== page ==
The holidays (the millions that occur around this time of year, that is) are STILL here! That means lots and lots and lots of food.
I recently spent some quality time over at KYW newsradio 1060 speaking about holiday food-traditions with Hadas Kuznits, on her “What’s Cooking” show.
We chatted about Christmas in Mexico – including the Oaxacan tradition of carving giant radishes on December 23rd, a traditional salad (Ensalada de Nochebuena – recipe below) eaten on Christmas Eve, and the Twelfth Night (aka “Epiphany”, “Three King’s Day”, January 6th) tradition with Rosca de Reyes in whose batter are hidden little figurines. The lucky eater to get a figurine representative of the baby Jesus gets to hold a tamale feast on Candelamas, which occurs on February 2nd.
We also talked about the importance of black-eyed peas as a mainstay for New Year’s Day. Their significance as symbols of prosperity, hope, and freedom stem from their growth in the US South. They made cost-effective meals with collard greens and pork, and were one of the few crops to survive Sherman’s Union-advance from Atlanta to Savannah during the Civil War. The tradition of eating black-eyed peas on New Year’s day has greater significance in African-American food-culture as slaves were granted emancipation on New Year’s Day, 1863.
I thought a bit more about my own holiday traditions, which definitely involve food. On Christmas Eve, my family has a big buffet that always includes smoked fish, shrimp cocktail, and pickled herring. Christmas day usually involves turkey and all the trimmings, including home-made noodles. But, after spending HOURS decorating sugar cookies, I realized that those are also a big part of our traditional holiday.
Find the podcast and full article here, and try these recipes!
Try this recipe for Ensalada de Nochebuena, from www.elmejornido.com. Can’t find Media Crema? Try unsweetened, condensed milk.
Ensalada de Nochebuena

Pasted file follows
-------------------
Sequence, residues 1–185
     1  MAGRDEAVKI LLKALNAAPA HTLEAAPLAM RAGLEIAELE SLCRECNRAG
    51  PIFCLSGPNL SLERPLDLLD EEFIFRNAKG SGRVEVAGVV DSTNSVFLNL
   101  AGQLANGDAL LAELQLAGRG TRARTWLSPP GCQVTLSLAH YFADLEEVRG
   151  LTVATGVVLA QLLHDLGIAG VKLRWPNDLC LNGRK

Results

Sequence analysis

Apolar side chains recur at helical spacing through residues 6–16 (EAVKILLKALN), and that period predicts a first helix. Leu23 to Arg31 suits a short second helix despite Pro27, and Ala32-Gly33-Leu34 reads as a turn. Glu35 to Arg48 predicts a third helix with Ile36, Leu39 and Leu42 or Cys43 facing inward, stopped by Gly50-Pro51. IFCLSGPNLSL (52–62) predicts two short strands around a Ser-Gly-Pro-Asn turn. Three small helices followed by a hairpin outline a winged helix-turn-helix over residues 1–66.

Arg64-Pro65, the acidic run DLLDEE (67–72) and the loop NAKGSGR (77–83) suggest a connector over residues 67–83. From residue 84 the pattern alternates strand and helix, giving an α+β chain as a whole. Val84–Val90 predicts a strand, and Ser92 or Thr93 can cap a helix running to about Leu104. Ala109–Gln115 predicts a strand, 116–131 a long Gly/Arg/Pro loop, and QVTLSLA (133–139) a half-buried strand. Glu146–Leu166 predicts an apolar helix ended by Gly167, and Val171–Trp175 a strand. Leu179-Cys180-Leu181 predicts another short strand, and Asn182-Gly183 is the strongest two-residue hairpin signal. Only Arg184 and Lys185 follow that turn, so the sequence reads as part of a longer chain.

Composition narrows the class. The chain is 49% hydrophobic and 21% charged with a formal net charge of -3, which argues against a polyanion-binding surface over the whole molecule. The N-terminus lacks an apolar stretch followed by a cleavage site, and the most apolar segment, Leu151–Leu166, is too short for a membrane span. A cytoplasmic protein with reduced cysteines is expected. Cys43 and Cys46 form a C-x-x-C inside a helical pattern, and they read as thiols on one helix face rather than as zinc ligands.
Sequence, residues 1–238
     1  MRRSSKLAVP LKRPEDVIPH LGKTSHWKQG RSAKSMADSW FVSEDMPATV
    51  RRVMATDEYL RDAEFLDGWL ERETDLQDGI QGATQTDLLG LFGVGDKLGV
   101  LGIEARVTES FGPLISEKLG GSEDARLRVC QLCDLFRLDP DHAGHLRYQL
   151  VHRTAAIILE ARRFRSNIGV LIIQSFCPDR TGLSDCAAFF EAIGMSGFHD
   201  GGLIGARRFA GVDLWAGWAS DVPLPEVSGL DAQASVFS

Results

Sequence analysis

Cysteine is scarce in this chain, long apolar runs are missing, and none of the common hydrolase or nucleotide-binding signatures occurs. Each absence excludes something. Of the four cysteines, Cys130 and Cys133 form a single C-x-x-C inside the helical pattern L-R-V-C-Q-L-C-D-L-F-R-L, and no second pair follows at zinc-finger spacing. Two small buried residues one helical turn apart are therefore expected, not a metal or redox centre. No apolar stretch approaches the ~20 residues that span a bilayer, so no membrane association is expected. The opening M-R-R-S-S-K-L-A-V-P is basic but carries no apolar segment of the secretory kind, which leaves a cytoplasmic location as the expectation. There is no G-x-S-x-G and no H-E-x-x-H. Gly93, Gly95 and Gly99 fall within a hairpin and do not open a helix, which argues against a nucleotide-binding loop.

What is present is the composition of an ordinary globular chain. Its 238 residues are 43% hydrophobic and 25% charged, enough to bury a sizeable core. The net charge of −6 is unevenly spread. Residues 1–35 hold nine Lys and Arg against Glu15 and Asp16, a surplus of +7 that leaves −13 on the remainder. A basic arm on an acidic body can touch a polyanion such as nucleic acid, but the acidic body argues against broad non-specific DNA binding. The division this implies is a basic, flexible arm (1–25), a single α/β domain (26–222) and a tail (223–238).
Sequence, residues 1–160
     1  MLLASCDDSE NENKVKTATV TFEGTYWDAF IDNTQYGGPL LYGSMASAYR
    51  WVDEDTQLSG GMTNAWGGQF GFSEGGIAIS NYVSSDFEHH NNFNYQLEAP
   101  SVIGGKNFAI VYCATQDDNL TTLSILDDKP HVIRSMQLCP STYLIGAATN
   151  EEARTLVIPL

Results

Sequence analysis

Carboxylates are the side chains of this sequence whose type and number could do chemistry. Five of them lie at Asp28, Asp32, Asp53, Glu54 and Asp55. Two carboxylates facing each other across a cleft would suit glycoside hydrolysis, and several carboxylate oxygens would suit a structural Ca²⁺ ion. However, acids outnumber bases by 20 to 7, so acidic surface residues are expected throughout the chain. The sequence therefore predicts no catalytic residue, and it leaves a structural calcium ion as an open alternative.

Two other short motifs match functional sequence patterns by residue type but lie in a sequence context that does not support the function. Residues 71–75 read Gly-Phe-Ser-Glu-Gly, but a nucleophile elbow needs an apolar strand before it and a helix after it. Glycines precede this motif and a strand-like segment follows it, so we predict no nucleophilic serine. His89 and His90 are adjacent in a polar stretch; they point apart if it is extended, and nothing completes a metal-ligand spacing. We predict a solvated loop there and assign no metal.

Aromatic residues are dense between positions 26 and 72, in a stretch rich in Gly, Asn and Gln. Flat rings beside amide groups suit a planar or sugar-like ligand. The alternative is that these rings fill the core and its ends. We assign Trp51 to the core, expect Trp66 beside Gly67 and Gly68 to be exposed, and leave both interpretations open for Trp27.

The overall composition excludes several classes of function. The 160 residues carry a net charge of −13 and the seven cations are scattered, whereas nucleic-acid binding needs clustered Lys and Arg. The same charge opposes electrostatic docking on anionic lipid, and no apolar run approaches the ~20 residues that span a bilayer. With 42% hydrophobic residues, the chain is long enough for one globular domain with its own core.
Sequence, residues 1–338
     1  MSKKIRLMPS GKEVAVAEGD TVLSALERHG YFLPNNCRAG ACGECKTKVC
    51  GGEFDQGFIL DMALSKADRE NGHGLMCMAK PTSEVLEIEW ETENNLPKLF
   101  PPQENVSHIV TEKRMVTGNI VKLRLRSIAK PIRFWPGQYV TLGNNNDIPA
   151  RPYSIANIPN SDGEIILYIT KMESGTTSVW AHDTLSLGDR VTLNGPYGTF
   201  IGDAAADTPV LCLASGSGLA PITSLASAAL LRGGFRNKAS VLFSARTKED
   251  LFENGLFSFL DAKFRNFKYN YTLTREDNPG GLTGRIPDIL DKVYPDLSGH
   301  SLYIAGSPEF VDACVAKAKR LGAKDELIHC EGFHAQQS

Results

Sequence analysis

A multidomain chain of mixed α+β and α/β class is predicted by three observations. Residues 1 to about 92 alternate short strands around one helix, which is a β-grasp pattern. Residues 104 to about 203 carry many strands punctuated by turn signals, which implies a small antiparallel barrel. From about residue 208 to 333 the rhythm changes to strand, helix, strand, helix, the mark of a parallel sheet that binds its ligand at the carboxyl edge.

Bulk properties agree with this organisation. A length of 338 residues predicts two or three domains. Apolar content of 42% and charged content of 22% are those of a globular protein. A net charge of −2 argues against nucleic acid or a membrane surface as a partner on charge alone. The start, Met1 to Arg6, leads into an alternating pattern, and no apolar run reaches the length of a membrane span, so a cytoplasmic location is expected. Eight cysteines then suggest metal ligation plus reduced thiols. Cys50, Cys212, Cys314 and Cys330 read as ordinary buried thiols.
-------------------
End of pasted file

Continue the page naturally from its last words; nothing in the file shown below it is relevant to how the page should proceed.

SWEET CREAM DRESSING
1 cup NESTLÉ Media Crema
3 tablespoons fresh orange or lime juice
2 tablespoons granulated sugar, or to taste
1 head romaine lettuce, leaves washed and shredded
4 medium beets, cooked, peeled and thinly sliced (about 4 cups)1/2 large jicama, peeled and cut into 1/4-inch-thick slices
2 red apples, thinly sliced
3 oranges, peeled and cut into wedges, or 3 cups mandarin orange segments
3/4 cup pomegranate seeds
1/2 cup roasted peanuts
1 tablespoon finely chopped fresh cilantro
FOR SWEET CREAM DRESSING:
COMBINE media crema, orange juice and sugar in small bowl; stir well to combine.
ARRANGE shredded lettuce leaves over large serving platter or on bottom of a large salad bowl.
TOP with beets, jicama, apples and orange wedges. Sprinkle with pomegranate seeds, peanuts and cilantro.
SERVE with sweet cream dressing.
Make yourself some black-eyed peas with this recipe from Chef Justin Swain, Rex 1516:
-1 lb soaked peas
-1 lb bacon
-2 T butter
-2 small onions small dice
-6 cloves garlic
-1 T dry thyme
-4 bay leaves
-Pork stock to cover
-cornstarch if needed
• Sauté bacon until crispy, remove from pan and add butter
• Sauté onion and garlic in fat until softened
• Add rest of ingredients and bacon back in and cook
• Cook until peas are al dente and thick. Use cornstarch slurry to thicken if needed.